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Why do we co-teach?

When you picture a classroom environment and teacher, what image comes to your mind? Do you see a single teacher presenting information to a group of students rapt in attention? At Thrive, our teaching style looks very different from that of a traditional classroom.

Previously, we taught together in the only two sections of 3rd grade in a K-8 school. During this time, we fell into a very natural pattern of co-teaching. We brought to our classrooms a variety of tools and experiences from previous jobs, and found an organic give and take.

This spanned from specific academic areas (we rotated classes, with Amanda teaching math and Melissa teaching science), to more mundane tasks (we co wrote a weekly newsletter and sat together to do report cards). But it also included non academic activities and things that weren’t listed on our job descriptions. We easily slid into co-teaching activities in a variety of situations: when one of us wasn’t feeling well, when we had a student who wasn’t responding to one of us and needed a new voice, when we were feeling low on energy and needed to mix things up, or when one of us had a passion or expertise in a specific topic.

What we realized is that in a lot of ways our previous teaching experiences prior to this had been lonely. It was lacking in adult conversation as well as isolating in teaching practice and exposure to alternative ideas.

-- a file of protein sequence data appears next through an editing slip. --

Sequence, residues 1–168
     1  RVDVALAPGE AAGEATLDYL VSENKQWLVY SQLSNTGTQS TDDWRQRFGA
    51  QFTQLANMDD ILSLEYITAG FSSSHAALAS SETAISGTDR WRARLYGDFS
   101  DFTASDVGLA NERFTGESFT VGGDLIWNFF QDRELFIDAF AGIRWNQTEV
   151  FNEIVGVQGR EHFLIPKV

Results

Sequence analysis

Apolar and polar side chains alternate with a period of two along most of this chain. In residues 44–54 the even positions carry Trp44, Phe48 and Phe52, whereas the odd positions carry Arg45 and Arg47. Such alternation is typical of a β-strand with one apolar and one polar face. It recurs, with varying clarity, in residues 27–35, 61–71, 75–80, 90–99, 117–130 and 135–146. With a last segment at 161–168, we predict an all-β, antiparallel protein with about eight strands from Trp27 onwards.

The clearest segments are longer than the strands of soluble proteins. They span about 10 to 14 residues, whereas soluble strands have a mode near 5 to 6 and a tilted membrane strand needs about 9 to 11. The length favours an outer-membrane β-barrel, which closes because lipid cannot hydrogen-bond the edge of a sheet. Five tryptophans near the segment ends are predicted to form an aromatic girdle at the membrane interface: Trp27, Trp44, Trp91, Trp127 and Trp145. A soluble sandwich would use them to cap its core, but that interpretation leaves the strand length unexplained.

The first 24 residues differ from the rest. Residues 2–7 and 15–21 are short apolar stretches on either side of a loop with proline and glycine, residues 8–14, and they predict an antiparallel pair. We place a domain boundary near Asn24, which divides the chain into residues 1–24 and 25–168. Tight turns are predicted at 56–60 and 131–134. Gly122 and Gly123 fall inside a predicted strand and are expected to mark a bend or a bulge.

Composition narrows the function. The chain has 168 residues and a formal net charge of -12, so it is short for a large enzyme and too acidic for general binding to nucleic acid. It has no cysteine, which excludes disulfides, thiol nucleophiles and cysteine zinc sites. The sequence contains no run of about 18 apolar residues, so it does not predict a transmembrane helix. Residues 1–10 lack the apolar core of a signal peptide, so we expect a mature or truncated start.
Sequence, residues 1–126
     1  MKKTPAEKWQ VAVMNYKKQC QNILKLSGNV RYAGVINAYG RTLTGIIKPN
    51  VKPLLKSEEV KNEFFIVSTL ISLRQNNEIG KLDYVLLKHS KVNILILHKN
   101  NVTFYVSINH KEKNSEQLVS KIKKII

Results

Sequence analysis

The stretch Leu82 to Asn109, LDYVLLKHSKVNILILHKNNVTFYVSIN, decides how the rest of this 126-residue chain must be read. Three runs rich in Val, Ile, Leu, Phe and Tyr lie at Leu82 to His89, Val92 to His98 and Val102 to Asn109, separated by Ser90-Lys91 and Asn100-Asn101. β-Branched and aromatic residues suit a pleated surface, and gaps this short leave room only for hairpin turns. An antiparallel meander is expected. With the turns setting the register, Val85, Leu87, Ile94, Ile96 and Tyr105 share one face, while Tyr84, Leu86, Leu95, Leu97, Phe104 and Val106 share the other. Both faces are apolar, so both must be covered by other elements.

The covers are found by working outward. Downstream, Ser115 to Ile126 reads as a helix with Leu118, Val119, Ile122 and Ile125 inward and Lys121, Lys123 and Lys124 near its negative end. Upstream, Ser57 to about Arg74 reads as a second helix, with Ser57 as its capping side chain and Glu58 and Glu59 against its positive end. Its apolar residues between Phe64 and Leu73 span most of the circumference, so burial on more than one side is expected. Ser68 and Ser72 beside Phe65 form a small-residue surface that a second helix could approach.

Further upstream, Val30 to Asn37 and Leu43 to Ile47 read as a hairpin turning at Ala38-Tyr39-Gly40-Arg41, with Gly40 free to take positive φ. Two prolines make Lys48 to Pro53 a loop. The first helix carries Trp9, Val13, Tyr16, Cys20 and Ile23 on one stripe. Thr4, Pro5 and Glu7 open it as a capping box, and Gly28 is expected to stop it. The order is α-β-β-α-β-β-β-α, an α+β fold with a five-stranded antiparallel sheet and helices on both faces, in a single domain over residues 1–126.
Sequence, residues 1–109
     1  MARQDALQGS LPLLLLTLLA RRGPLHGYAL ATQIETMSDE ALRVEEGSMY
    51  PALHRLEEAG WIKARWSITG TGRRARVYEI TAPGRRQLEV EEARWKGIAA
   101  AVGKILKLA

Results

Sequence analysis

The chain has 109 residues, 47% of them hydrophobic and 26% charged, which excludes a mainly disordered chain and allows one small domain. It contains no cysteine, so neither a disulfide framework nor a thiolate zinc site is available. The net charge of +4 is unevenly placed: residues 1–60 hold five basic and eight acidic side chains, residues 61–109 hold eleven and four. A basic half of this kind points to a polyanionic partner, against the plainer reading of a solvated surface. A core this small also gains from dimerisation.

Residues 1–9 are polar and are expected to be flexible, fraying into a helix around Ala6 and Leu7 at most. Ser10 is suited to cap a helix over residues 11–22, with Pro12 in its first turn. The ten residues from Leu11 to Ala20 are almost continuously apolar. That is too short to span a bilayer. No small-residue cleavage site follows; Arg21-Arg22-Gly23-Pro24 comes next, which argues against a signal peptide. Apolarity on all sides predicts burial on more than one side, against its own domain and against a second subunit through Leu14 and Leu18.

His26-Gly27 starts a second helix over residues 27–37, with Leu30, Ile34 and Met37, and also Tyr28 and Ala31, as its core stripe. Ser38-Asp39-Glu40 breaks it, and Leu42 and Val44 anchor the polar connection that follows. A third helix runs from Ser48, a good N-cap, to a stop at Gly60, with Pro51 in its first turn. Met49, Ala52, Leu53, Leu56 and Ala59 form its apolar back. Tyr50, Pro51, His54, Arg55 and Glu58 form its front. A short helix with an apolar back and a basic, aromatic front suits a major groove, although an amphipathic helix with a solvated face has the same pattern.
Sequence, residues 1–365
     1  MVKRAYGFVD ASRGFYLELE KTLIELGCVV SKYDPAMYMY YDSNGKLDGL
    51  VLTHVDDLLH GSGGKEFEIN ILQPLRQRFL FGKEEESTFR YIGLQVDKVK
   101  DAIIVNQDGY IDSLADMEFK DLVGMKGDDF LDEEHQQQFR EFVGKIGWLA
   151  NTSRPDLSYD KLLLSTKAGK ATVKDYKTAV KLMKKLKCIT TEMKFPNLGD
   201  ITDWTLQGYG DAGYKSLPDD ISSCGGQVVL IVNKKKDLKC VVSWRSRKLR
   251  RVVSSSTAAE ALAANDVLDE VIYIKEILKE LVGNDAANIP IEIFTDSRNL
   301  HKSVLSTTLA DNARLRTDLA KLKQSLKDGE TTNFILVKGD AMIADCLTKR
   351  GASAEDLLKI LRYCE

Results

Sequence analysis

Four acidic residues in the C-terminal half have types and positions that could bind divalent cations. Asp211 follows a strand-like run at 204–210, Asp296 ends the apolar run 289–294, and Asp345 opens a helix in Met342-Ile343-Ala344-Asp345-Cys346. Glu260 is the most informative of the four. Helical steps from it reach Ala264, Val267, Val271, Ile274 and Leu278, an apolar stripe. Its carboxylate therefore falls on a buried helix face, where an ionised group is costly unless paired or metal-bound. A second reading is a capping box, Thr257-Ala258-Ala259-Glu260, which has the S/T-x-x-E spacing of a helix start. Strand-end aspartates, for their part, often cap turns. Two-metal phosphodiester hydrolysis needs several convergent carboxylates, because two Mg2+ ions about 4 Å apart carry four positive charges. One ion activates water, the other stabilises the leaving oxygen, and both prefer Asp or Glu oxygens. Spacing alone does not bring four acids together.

At Thrive, using co-teaching is a natural part of our model and looks different based on the day and the students:

Benefits of this flexible approach to co-teaching:

  • Observing another person teach and learn new techniques

  • Capitalizing on our strengths when working with students

  • Chances to observe, give and receive feedback

  • Offering different voices and perspectives to students and families

  • Opportunities to model different strengths and weaknesses

  • Modeling an adult relationship and friendship

  • Joint problem solving and a “divide and conquer” of workload

One of the most impactful parts of this co-teaching experience has been a joy-filled experience. At Thrive we share the gift of laughter together often. We are able to high five when our students make growth, we laugh together as we share a silly story, we make quiet eye contact of excitement as we observe kids persevering and problem solving. We believe that this joyful experience makes all the difference for our community as we all learn together.

We’ve found that co-teaching has been extremely beneficial for us and for our students. In recent years, there has been a lot of conversation about the workload of teachers in mainstream schools. Teachers are asked to carry students academic, social, and emotional loads. Here at Thrive, we have the chance to work together to share in these hard parts as well as the joy.

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